I have set out elsewhere, first qualitatively14 and then quantitatively,15 the details of my reasons for believing that the application of regenerative medicine to aging will deliver this cusp; thus, here I will only summarise. Regenerative medicine, by definition, is the partial or complete restoration of a damaged biological structure to its pre-damaged state. Since aging is the accumulation of damage, it is in theory a legitimate target of regenerative medicine, and success in such a venture would constitute bona fide rejuvenation, the restoration of a lower biological age. (The bulk of my work over the past decade can be summarised as the elaboration of that “theory” into an increasingly detailed and promising project plan for actual implementation16 – but I digress.) This rejuvenation would not be total: some aspects of the damage that constitutes aging would be resistant to these therapies. But not intrinsically resistant: all such damage could in principle be reversed or obviated by sufficiently sophisticated repair-and-maintenance (i.e., regenerative) interventions. Thus arises the concept of a rate of improvement of the comprehensiveness of these rejuvenation therapies that is sufficient to outrun the problem: to deplete the levels of all types of damage more rapidly than they are accumulating, even though intrinsically the damage still present will be progressively more recalcitrant. I have named this required rate of improvement “longevity escape velocity” or LEV.14,15
It is important to understand that LEV is not an unchanging quantity, as it might be if it were a feature of our biology. Rather, it will vary with time – and exactly how it will probably vary is a topic I address in the next section. LEV will, however, remain non-zero for as long as there remain any types of damage that we cannot remove or obviate. Thus, the formal possibility exists that we will at some point achieve LEV but that at some subsequent date our rate of progress against aging will slip back below LEV. However, I have claimed that this will almost certainly not happen: that, once surpassed, LEV will be maintained indefinitely. This claim is essentially equivalent to the claim that the Methuselarity will occur at all: the Methuselarity is, simply, the one and only point in the future at which LEV is achieved.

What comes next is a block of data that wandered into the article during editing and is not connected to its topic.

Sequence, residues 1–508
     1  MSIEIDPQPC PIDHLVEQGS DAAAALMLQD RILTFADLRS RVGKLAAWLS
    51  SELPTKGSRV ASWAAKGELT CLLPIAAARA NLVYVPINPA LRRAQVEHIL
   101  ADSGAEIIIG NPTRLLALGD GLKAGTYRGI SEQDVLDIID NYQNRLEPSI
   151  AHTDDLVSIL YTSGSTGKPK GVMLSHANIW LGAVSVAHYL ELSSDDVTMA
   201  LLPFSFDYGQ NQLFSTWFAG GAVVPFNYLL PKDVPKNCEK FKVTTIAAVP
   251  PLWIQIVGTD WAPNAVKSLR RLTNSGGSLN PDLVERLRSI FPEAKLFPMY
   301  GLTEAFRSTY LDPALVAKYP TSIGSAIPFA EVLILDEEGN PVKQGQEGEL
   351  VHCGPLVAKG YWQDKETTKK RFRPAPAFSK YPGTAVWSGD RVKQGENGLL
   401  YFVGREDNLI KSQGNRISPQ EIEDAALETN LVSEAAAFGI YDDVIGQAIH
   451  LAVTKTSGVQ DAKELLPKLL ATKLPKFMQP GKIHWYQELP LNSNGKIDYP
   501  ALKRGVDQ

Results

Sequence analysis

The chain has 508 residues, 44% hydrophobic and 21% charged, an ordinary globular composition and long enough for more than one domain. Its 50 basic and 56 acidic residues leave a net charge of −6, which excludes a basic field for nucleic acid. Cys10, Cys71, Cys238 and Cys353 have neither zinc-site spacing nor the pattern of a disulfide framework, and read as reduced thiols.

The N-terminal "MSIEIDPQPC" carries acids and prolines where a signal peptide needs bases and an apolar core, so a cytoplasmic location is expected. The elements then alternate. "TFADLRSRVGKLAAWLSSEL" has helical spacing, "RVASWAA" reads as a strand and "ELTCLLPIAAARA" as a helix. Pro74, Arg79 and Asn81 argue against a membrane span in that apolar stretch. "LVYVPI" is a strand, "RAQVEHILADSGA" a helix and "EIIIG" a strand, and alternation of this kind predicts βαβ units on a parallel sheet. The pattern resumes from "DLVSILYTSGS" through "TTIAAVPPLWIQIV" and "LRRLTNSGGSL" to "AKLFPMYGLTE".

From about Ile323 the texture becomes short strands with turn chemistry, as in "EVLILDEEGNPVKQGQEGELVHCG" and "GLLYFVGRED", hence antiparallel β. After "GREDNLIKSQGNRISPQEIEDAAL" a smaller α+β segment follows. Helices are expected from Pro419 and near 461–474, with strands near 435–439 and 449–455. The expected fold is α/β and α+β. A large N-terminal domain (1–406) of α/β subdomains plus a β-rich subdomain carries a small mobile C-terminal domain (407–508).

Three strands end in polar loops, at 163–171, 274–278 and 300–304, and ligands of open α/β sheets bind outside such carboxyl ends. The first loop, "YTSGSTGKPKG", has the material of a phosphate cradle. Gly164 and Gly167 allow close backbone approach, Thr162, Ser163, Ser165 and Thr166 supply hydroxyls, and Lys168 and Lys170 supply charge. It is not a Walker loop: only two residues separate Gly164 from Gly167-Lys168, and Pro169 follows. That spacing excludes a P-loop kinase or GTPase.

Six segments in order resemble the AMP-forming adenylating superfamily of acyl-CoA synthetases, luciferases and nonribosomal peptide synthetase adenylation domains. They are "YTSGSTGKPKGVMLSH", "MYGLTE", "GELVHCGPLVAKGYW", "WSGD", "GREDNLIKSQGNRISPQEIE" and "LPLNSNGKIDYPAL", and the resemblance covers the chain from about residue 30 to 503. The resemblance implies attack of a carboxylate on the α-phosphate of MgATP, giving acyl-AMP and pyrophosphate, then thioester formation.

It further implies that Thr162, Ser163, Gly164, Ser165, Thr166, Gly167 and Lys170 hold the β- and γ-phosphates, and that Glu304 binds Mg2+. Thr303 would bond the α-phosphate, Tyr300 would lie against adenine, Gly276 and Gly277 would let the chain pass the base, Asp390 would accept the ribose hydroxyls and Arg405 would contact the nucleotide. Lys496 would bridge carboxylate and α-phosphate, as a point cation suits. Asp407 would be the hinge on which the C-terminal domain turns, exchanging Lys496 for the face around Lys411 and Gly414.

The singularity and the Methuselarity: some key differences
Having described the singularity and the Methuselarity individually, I now examine how they differ. I hope to communicate that the superficial similarities that they exhibit evaporate rather thoroughly when one delves more deeply.
Perhaps the most important contrast between the singularity and the Methuselarity is the relevance of accelerating change. In the first section of this essay I dealt at some length with the range of trajectories that I think are plausible for the rate of improvement of self-improving artificial intelligence systems – but it will have been apparent that all the trajectories I discussed were accelerating. It might intuitively be presumed that, since aging is a composite of innumerable types of damage that accumulate at different rates and that possess different degrees of difficulty to remove, our efforts to maintain youth in the face of increasing chronological age will require an accelerating rate of progress in our biomedical prowess. But this is not correct.